Sunday, March 04, 2007

The Petrified Forest


I've wanted to visit the petrified forest for as long as I can remember. My grandfather kept a chunk of petrified wood on his desk until he died, and my grandmother kept it there afterwards. To give that some context, these were people who travelled all over the world, lived in India, Ethiopia, climbed the pyramids, rowed their VW bug across the Nile on a raft of sticks. They had seen many, many corners of the world, but the petrified forest always fascinated them, and so it fascinated me.

I always pictured the petrified forest as something that stood tall, perhaps like the great redwoods, frozen for eternity, but it's not that way at all. The trees date back to the triassic era, the time of Pangea, when all the continents were one large landmass. At that time, Arizona was actually a tropical swamp with 200 foot trees and alligator-like creatures. Those mammoth trees fell to the ground and were carried downstream until they reached a large open area where they came to rest and, instead of rotting, began to absorb mineral-rich water, flavored with volcanic ash. .
The trees were trapped under layers of sediment and hidden for millions of years. As North America shifted away from the other continents, her climate began to change and Arizona dried up. Over millennia, torrential desert rains eroded the sediments and the layers of volcanic ash, revealing the now-petrified trunks. As the ground beneath them washed away, the trees rolled down the sides of the crumbling mountains.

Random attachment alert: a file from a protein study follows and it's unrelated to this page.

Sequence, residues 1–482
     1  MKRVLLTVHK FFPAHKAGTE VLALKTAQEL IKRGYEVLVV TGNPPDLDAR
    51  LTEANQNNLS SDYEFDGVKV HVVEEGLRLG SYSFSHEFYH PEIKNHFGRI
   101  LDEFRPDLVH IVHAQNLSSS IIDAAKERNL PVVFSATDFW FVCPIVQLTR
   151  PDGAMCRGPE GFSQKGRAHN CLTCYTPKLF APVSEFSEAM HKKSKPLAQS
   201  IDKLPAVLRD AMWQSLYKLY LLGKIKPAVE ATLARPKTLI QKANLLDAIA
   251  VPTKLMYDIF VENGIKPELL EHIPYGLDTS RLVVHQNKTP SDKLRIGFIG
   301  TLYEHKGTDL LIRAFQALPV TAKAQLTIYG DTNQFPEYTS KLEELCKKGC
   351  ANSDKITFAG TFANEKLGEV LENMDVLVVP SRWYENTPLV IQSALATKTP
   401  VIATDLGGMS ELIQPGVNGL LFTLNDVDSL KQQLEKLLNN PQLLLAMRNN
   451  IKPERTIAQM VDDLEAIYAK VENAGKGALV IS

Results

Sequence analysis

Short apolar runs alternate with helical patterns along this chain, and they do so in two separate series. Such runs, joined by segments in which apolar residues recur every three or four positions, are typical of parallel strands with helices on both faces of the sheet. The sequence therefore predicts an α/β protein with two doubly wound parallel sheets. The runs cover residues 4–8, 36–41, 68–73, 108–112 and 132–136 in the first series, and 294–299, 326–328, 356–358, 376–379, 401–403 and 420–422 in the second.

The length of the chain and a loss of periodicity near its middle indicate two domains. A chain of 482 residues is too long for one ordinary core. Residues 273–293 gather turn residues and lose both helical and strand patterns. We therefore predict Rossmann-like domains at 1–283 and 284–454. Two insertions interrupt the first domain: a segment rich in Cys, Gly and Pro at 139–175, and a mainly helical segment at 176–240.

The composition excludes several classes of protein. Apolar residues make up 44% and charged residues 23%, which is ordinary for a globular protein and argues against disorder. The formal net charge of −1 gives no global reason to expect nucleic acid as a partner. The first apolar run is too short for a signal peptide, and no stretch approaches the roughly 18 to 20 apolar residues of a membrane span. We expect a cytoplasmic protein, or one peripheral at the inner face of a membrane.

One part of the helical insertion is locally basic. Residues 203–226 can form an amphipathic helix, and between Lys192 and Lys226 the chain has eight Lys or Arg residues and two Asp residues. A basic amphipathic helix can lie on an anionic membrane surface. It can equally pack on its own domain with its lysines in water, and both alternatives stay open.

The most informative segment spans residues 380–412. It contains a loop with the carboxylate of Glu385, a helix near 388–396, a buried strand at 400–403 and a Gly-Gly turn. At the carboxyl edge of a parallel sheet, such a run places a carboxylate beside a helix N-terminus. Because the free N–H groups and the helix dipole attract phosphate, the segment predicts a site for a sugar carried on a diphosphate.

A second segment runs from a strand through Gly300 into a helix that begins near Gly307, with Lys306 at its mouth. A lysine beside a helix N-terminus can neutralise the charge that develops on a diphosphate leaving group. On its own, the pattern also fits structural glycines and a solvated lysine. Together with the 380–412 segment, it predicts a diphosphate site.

The area is both beautiful to look at and awe inspiring to contemplate. That such amazing and varied natural forces combined over millions of years to make a common thing, whose properties we have always taken for granted (i.e. wood is a relatively soft, saw-down-able thing), and turn that knowledge on its head...that wood could bejewel itself into stunning blues, oranges, purples, silvers and yellows...that these treasures could wait patiently for millions of years to make their debut...

Well, I find it all very mind-numbing. But I do have this illogical tendency toward mysticism where nature is concerned. And I am very much a "green" advocate...but something about seeing the grand scale of climate change that has always affected our planet was reassuring. The earth is a closed system--a giant organism, if you will, and I do believe that if we give her just a bit more help in terms of greenhouse gasses, pollution, etc, she will adapt. And humans will survive--or not--but Mother Earth will survive and continue her mysterious ways, regardless.

4 comments:

Ms. Theologian said...

Did you visit the one in Arizona? I went to that one a long time ago and then more recently to on in Utah that was equally spectacular. Or are there others?

Myfanwy Collins said...

My husband I visited the Petrified Forest in AZ a few years ago. He was like a six-year-old because he always wanted to visit it (because his grandmother had brought him back a piece of petrified wood from there!). It is intense.

Myfanwy Collins said...

And I like your perspective, Mary! It calms me.

katrina said...

Gorgeous pics, Mary. Thanks for such a great post.